Christie Miller, my co-facilitator, and I are passionate about helping other women come to the Lord for a transformation and healing of their marriages. We know–we’ve been there!

For more information, visit: www.nwspeakers.com

 

Terrorism: Overcoming Fear with Faith

This past week, the topic of conversation nearly everywhere I went, was the tragic terrorist attacks in Paris. The horror of what happened there and in other places–Lebanon, Nigeria, and now Mali, is beyond belief. How can this happen? How can a Do not be afraidgroup of people have consciences seared to the extent that they believe what they’re doing is heroic? They believe killing “infidels” and then killing themselves brings ultimate glory to themselves and their god.

In contrast to those horrific events, Randy and I, our two sons, Chris and Jeremy, and granddaughter Lucy traveled to Ohio a couple of weeks ago to celebrate my mother-in-law’s life. Lucy, who is 3-years old, has the innocent, carefree outlook on life that children her age enjoy–and they should! I loved hearing her giggle when we played hide & seek in the hotel room. Where could Lucy be? She tried her best not to wiggle and give away her hiding place under the comforter of the king-size bed. Of course, we knew right away where to look. That lump under the covers was a give away–but we searched in the closet, behind the curtains, and even in the bath tub. When we finally “found” her, she shrieked with delight. Observing life through a child’s eyes is so refreshing–especially when life is heartbreaking.

Lucy experienced some panic, though, when we went through airport security. Her favorite stuffed animal, a giraffe named “Safari”, also had to go through security. This was Lucy’s worst nightmare. We had to pry Safari out of her arms so the giraffe could be inspected by the security agents. We promised Lucy that Safari would come through on the conveyor belt. She was inconsolable until she saw her stuffed animal. Then came the series of 3-year old questions…Daddy, why did they have to take Safari? He explained that we have these security procedures for safety. Sometimes there are bad people who try to bring things on the plane that could hurt others. After many more whys, Lucy seemed to accept her dad’s explanation. On our return flight, she placed Safari in the tub along with our other belongings to be checked by security. No problem this time.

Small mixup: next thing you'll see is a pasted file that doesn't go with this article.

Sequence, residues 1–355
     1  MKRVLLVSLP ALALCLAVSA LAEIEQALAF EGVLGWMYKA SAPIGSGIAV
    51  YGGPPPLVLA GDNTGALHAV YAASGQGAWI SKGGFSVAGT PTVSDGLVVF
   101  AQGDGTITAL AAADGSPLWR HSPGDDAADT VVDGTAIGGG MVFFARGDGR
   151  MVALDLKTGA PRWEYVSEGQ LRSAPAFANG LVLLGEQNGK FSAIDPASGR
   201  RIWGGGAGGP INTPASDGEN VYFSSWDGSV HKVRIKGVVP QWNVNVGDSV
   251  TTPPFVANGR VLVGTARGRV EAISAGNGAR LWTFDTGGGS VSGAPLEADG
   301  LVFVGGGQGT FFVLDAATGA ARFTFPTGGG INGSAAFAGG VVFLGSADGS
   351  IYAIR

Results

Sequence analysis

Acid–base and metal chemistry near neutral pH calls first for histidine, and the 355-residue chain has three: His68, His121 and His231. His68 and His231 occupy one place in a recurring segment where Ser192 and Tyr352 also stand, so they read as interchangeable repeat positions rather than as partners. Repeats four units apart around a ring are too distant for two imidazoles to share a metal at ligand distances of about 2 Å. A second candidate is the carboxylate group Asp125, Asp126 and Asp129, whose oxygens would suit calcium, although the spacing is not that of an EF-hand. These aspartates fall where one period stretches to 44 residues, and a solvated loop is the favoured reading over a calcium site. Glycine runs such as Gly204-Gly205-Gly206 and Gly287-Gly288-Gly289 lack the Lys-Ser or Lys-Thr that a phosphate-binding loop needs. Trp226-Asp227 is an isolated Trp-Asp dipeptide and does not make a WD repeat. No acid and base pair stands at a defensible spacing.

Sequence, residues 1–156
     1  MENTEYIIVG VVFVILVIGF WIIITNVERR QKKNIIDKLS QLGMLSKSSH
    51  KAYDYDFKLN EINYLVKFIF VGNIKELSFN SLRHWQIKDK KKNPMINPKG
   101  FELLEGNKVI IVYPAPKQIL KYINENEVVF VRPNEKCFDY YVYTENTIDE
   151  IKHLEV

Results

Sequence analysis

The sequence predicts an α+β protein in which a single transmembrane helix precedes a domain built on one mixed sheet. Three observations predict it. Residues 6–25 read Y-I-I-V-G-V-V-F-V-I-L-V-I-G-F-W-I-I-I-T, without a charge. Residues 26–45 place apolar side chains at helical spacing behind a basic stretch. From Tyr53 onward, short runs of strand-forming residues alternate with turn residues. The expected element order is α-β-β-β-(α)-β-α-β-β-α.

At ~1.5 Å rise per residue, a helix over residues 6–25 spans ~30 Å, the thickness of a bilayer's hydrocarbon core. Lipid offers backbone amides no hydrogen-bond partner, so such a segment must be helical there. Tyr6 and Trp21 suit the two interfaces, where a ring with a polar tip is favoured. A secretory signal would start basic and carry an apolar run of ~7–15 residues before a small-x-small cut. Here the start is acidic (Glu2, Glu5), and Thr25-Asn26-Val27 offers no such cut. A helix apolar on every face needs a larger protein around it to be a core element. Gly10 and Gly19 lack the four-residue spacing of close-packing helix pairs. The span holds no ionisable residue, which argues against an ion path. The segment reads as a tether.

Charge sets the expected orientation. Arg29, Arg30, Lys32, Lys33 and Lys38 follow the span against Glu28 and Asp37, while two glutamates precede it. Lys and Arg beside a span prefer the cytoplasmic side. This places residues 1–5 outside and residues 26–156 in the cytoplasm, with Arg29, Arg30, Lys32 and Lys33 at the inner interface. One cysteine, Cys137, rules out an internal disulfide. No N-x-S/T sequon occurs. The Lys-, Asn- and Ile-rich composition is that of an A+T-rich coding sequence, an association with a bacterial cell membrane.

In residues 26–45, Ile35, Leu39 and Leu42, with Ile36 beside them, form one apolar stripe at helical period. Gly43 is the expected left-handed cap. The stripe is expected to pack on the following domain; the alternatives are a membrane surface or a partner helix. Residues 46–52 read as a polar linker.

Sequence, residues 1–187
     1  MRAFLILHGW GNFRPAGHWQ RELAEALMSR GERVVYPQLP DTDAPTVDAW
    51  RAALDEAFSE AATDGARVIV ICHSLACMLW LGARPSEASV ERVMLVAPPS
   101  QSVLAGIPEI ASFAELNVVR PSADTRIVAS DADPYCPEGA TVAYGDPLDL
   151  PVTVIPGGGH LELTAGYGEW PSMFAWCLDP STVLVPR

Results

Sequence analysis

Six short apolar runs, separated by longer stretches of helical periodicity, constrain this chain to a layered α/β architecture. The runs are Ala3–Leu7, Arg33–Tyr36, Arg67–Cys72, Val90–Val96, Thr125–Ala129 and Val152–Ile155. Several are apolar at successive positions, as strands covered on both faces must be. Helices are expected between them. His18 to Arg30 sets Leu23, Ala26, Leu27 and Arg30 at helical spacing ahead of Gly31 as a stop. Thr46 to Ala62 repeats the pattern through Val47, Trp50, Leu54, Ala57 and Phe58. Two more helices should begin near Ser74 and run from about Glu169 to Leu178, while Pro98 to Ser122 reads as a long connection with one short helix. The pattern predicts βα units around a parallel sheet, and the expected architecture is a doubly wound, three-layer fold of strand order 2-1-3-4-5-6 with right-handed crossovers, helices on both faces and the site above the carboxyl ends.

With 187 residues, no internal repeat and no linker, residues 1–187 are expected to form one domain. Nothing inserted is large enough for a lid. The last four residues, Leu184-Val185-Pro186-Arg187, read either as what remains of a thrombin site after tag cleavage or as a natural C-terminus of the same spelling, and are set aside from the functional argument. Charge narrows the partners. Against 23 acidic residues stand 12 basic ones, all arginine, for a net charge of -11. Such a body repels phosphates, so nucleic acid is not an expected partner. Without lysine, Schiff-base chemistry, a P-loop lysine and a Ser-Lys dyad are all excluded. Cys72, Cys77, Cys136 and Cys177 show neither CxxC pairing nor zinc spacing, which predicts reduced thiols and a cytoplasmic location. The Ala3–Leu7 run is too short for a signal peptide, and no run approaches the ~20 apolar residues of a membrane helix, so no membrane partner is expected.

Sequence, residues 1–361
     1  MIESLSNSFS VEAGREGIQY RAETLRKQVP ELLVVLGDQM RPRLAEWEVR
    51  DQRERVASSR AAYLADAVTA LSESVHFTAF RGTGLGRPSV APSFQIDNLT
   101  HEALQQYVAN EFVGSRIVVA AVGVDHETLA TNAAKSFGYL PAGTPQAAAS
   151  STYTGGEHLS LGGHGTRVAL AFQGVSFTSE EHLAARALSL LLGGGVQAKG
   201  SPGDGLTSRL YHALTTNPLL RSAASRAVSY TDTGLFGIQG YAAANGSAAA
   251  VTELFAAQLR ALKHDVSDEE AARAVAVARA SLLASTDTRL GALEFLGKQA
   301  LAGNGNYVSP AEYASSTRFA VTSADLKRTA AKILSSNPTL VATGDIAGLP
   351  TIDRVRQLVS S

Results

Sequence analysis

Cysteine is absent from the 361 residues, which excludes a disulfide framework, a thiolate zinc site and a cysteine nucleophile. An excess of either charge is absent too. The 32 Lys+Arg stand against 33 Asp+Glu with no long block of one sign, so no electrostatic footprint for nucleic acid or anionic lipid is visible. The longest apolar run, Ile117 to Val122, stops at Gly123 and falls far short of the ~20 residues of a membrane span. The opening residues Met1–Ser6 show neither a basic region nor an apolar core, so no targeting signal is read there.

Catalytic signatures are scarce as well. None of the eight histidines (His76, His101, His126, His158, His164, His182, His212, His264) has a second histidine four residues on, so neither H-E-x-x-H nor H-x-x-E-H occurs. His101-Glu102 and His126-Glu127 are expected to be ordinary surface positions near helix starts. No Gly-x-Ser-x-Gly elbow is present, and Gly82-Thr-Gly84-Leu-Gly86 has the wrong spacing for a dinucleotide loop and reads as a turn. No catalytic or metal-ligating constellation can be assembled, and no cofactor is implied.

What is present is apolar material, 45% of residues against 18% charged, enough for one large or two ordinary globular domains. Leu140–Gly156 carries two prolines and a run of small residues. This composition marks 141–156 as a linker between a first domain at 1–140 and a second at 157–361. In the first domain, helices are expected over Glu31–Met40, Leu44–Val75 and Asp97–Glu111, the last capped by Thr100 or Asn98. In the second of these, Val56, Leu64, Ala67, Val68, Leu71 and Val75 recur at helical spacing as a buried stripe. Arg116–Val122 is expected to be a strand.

I’m a lot like Lucy. I want to ask my Heavenly Father why? Why are there bad people who hurt others? There aren’t easy answers. We live in a broken world where evil is a reality. As much as I’d like to pretend it isn’t so, it’s impossible to ignore the facts. Flawed people follow flawed teaching. They become blinded to humanity–innocent people who are husbands, wives, parents, brothers, sisters, friends–all enjoying life–a meal at a restaurant, a soccer game, a concert in Paris, only to be shot at, wounded, or murdered. Our world has become an increasingly dangerous and violent place.

How do we cope with the uncertainties and dangers posed by terrorists? I continually look to the Bible for comfort and hope. The phrase “do not fear” appears at least 365 times in scripture. That’s significant! Psalm 46 offers this encouragement:

God is our refuge and strength, an ever present help in trouble. Therefore we will not fear, though the earth give way and the mountains fall into the heart of the sea, though its waters roar and foam and the mountains quake with their surging.

The God of the Bible, who I choose to believe, promises never to leave us or forsake us. He is our refuge and strength, the One who never changes, no matter what happens around us. The pastor at my mom-in-law’s service said there are no free passes through the valley of the shadow of death. None of us escapes walking through difficult, even heart-wrenching times. But this promise assures us we will not walk alone. Your rod and your staff they comfort me, says a familiar passage from Psalm 23. We don’t have control over terrorism, but we do have control over where we will focus our thoughts. When fear threatens to wrap its icy fingers around my heart, I will remember the verses that emphatically say: Do not be afraid!